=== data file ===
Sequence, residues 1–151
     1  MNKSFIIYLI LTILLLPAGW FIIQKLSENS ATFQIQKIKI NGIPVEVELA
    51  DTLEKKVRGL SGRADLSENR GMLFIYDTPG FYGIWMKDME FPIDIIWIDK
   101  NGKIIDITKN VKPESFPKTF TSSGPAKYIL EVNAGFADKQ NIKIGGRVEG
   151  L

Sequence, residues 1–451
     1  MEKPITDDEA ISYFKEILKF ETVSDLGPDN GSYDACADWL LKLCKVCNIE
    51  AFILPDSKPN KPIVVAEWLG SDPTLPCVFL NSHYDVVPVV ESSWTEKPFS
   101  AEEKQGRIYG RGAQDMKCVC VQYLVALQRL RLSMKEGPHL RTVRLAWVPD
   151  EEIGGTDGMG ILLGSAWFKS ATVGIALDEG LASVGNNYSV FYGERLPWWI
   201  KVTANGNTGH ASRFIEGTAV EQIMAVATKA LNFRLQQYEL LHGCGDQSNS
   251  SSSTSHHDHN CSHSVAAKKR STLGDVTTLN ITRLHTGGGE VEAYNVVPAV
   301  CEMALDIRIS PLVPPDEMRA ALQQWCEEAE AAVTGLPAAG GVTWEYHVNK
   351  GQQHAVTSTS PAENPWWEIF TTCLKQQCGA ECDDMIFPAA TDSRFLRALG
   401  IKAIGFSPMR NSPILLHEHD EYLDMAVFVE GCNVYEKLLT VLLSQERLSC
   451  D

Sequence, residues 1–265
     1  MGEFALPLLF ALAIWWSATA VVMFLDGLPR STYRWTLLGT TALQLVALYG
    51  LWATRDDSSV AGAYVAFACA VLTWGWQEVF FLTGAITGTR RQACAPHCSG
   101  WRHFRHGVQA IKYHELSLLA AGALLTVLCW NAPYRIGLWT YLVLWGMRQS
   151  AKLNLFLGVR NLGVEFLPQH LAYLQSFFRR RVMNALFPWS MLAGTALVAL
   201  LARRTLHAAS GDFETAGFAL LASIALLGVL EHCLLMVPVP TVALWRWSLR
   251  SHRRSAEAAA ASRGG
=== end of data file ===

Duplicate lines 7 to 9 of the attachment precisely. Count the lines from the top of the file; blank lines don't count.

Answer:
     1  MEKPITDDEA ISYFKEILKF ETVSDLGPDN GSYDACADWL LKLCKVCNIE
    51  AFILPDSKPN KPIVVAEWLG SDPTLPCVFL NSHYDVVPVV ESSWTEKPFS
   101  AEEKQGRIYG RGAQDMKCVC VQYLVALQRL RLSMKEGPHL RTVRLAWVPD